Crowdfunding a startup: rags or riches?

Crowd-everything is super hot, and super cool. The vastness of Wikipedia alone is sufficient to teach every one of us that when “crowd” is applied to your field, really neat and seemingly impossible things can happen.

To me, “crowd” is just the plural of “open,” as in open data.

But crowd doesn’t always work, and crowd doesn’t always scale (or, as I’ll discuss here, not in the right way).

Since Kickstarter got a lot of press as a way to make “projects” start moving with seemingly free or no-strings or on-my-own-terms money, people have been asking me about extending this to startups as a [pre-]replacement for venture capital and angel investment, both of which are seemingly harder to come by and once again slower in the bust than in the boom.

First off, we need to get a quick leader’s reconnaissance in, a lay of the land so that we’re all talking about the same thing. This is particularly important when it comes to “raising money,” which in startup-land usually means one very particularized thing, namely the sale of securities by an issuer to investors in an unregistered offering. Yes, I know I should have turned on the “legalese” tag for that sentence, but this is one area where you can’t fool around and paraphrase, or worse yet, euphemize.

Selling stock, warrants, options, and convertible notes to investors is generally always the sale of securities. Borrowing money through traditional promissory notes can be the sale of securities. The sale of securities is regulated up, down, and sideways by the federal government in the form of the SEC (and its regular partner, the DOJ) and by the states through the state attorneys general.

Take this lesson to heart:

1. Sale of securities  = highly regulated

2. Highly regulated => do yourself and your lawyer a favor and call before agreeing to do anything.

Securities law is one area of the law where even lawyers get lawyers. This is not DIY.

Your working model for securities should go like this: sales of securities require lots of expensive formal paperwork unless my lawyer tells me we have an exemption. Exemptions are available for most traditional venture investments (VCs are accredited investors and so are most real angel investors). Getting $1000 each from your cousins is generally not okay. Asking everyone you know or putting “raising series A” in your email sig are outright bad. These last two are examples of what the SEC may readily describe as a “public offering.” Public Offering, when it’s part of IPO, has a nice ring to it. When it’s part of your seed or series A round, it’s definitely flat.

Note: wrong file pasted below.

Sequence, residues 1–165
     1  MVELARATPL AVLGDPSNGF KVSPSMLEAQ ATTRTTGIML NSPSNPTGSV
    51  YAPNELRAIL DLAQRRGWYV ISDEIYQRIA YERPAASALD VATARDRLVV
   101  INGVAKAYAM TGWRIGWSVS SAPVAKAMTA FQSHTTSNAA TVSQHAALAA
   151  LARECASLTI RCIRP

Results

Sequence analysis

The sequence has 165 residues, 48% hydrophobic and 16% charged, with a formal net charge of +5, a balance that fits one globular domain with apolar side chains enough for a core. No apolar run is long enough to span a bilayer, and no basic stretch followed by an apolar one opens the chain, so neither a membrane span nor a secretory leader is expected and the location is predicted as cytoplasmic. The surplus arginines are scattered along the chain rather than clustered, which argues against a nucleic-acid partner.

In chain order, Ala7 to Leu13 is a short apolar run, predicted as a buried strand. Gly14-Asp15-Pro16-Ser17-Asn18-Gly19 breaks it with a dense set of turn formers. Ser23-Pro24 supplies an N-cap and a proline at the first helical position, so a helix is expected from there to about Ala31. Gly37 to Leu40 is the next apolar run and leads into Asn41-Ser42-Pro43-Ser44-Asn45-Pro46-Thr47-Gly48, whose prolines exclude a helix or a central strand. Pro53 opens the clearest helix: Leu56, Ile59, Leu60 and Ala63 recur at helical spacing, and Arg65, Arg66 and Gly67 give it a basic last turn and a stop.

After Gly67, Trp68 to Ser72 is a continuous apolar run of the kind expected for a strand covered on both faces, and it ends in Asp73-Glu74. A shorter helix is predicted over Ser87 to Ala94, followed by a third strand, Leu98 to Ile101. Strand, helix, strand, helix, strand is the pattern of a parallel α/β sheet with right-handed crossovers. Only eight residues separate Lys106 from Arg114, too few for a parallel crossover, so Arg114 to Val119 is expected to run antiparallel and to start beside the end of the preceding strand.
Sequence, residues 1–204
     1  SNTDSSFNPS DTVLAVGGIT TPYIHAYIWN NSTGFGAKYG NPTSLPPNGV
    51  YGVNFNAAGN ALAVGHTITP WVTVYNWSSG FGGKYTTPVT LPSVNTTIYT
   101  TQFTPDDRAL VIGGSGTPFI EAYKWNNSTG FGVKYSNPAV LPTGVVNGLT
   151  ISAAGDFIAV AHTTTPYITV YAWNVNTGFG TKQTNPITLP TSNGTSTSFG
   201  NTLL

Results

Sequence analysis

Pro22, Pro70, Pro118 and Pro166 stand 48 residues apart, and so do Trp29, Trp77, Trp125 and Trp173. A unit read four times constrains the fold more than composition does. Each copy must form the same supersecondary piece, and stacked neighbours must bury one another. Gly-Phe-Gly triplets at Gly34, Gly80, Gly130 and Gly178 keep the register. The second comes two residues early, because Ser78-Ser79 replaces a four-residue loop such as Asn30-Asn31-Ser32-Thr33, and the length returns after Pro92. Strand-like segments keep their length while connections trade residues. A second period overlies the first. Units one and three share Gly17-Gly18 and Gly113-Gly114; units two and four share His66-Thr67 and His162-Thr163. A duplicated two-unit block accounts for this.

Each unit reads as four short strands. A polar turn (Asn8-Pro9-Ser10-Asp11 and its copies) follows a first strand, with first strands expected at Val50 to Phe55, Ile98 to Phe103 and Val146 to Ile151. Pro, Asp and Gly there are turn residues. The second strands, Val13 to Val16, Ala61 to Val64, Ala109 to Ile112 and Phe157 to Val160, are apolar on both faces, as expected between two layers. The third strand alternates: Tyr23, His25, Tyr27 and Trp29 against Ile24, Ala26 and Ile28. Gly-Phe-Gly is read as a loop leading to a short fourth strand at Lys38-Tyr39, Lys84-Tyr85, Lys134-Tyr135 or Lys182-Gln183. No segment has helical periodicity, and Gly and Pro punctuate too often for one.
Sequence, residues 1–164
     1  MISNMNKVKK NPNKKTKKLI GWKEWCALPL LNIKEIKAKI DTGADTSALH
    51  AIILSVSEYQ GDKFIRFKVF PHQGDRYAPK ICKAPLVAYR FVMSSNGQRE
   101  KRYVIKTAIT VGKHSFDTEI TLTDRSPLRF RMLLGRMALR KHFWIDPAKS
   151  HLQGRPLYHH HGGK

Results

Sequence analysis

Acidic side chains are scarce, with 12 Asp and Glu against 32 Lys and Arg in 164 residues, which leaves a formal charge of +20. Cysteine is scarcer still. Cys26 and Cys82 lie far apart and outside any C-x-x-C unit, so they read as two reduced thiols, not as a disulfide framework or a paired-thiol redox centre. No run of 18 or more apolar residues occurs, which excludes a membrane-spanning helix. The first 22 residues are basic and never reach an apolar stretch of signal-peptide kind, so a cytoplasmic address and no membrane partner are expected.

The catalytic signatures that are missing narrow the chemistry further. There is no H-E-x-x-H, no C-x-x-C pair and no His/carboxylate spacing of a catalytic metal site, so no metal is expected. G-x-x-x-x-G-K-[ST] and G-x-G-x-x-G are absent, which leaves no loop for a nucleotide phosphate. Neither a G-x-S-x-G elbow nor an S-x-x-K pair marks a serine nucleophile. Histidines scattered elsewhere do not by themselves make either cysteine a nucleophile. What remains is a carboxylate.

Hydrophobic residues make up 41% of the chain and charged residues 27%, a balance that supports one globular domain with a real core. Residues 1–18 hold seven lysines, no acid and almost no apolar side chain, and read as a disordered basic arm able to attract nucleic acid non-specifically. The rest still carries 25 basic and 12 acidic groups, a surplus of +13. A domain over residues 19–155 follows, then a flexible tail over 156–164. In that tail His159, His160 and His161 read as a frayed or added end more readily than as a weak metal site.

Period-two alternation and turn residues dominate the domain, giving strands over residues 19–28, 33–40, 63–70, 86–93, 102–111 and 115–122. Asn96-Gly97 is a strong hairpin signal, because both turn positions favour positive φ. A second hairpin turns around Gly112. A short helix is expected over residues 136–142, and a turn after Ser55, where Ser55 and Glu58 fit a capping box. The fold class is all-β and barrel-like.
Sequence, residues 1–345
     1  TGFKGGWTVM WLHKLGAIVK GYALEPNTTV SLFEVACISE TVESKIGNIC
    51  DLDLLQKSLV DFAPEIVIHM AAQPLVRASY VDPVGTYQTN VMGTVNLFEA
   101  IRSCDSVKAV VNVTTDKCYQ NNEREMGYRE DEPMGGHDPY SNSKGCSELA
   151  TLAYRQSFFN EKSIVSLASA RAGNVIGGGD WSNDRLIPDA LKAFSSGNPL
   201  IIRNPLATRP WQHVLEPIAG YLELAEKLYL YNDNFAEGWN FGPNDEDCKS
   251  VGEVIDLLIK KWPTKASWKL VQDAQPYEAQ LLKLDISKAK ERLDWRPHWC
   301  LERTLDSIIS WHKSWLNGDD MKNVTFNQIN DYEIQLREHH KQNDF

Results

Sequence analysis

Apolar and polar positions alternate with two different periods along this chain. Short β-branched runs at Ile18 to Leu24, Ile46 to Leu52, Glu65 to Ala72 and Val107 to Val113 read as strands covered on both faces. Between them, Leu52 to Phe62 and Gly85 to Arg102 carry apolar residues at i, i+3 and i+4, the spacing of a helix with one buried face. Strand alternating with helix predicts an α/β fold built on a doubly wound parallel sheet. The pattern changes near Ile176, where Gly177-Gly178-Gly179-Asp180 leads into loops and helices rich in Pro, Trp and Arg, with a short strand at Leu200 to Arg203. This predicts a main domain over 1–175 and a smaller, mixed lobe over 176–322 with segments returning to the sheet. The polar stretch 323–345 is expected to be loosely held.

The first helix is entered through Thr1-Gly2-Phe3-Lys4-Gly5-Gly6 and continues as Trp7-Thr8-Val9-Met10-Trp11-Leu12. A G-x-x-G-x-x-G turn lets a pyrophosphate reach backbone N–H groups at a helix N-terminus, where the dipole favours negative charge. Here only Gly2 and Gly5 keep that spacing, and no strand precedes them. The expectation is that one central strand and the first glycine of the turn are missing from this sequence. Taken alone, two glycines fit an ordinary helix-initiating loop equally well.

Public offerings always require lots of expensive paperwork because that’s how you get to sell shares to everyone who wants them: the disclosure in the prospectus, written in “plain English” to comply with voluminous SEC regulations, is considered enough to allow a reasonable investor to evaluate the wisdom of buying stock from the company.

Crowdfunding, IF YOU MEAN selling securities to people through a nice public website with lots of visitors, is a problem. It’s almost certainly a public offering and will create big problems for you, the kind of problems that can easily kill a real venture financing.

Actually, Kickstarter itself doesn’t allow “investment and loan solicitations.” IndieGoGo, another site, is “not offering equity investments.” (I think it’s good that these sites are keeping people out of trouble.)

Advanced Masterclass Tip: you could conceivably use this method to sell securities only to foreign investors, but it’s probably not worth the trouble of trying to make the required restrictions fit into a site that’s designed to show everything to everyone. You’d be better off looking for some sort of angel investment opportunity site — which would at least be more likely to keep you out of inadvertent trouble.

NEXT: Crowdfunding a startup: what does work?

Post or email your questions on crowdfunding, and if they’re not already planned in the next post, I’ll work them in.

Are any of your intrigued by soliciting an investment in yourself, paying back with a portion of your earnings? The FAQ page is, sadly, empty; questions abound that the “template” contract doesn’t answer.